By its very definition, sculpture is multi-sided and intended to be seen from various angles. Even when not placed so that it can be viewed from all sides, sculpture is still the articulation of an idea on multiple planes, not a flat representation. In the Round plays with this idea by showcasing artwork that is best understood when contemplated from more than one perspective—pieces whose stories and designs unfold as a viewer actively engages in exploring the whole thing.
Pursuing the desire to investigate ideas, stories, and patterns in sculptural form, many of the artists included encourage extended contemplation of works whose sides and backs are as integral to the overall as their fronts. Indeed, for some pieces, there may not be an obvious point of visual entry or departure. On a metaphorical level, these works showcase the value of considering multiple points of view.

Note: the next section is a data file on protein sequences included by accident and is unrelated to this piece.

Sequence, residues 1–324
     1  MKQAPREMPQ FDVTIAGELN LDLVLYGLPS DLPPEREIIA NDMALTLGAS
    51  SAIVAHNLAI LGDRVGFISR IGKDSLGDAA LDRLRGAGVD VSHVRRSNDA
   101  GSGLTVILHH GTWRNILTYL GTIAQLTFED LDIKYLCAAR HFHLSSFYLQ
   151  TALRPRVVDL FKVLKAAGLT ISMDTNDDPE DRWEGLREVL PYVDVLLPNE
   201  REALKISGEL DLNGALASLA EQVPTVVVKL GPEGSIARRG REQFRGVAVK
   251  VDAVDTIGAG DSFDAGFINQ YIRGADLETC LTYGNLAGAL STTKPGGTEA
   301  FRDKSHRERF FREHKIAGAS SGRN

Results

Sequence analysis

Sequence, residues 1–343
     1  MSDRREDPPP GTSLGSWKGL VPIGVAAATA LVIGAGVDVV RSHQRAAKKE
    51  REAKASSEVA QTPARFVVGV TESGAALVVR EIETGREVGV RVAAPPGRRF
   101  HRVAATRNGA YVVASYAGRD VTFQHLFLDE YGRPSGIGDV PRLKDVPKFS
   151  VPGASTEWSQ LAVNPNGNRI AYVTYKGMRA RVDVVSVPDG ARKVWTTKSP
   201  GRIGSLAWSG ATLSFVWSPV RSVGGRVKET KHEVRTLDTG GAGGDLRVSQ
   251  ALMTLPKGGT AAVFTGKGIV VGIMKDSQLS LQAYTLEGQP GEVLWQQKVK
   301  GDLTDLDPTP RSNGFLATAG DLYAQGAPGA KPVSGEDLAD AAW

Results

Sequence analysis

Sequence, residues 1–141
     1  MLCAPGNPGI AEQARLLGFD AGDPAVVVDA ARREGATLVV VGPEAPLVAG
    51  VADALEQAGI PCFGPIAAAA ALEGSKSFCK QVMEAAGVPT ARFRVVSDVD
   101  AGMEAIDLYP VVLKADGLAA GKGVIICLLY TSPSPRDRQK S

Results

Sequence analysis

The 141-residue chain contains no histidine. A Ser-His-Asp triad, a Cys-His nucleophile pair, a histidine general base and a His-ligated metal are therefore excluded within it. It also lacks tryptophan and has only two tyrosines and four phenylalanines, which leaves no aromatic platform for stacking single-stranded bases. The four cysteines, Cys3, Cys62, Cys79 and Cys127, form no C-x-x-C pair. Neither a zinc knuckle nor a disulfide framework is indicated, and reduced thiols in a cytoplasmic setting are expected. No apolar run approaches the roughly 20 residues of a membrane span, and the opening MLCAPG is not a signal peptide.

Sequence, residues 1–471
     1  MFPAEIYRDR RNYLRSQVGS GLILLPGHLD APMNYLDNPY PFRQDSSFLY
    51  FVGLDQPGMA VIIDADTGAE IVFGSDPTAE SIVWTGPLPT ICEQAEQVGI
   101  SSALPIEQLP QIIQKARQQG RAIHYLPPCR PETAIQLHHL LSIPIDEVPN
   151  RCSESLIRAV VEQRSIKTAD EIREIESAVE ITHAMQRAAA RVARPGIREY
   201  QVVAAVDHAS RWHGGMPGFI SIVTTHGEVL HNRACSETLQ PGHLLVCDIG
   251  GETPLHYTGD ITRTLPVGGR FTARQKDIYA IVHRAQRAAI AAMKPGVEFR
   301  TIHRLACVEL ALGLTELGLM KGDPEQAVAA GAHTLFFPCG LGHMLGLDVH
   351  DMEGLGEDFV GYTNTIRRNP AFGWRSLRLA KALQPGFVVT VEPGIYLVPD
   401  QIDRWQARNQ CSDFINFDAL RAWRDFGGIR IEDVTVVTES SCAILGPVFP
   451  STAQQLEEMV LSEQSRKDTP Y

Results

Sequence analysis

Several of the pieces are based on functional vessels—teapots, vases, and bowls—but few are intended for actual use. Those that do not reference functional shapes eliminate questions of practicality and further reinforce the status of these objects as a means of generating reflection.
Drawn from RAM’s collection and made primarily of ceramic and glass, these pieces provide compelling, layered narratives, and engaging design. Several works, such as the vessels by Kevin Snipes and the potters of the Mexican town of Mata Ortiz, are new to RAM’s collection and making their debut in this exhibition.
Artists in the Exhibition
Chris Antemann, Emily Brock, Joy Cain, Edward S. Eberle, Misty Gamble, Peter Gourfain, Gloria Hernandez, Sergei Isupov, Georgia Dewakuku Koopee, Anne Kraus, Ellen Lanyon, John Conrad Lewis, Lucy M. Lewis, Michael Lucero, Phillip Maberry, Florence Naranjo, Larry Page, Mark Peiser, Javier Pérez, Marva Lee Pitchford-Jolly, Ginny Ruffner, Mark Shapiro, Richard Shaw, Preston Singletary, Kevin Snipes, Paul Stankard, Akio Takamori, Dorothy Torivio, Bertil Vallien, Chela Veloz, Gerry Wedd, and Kurt Weiser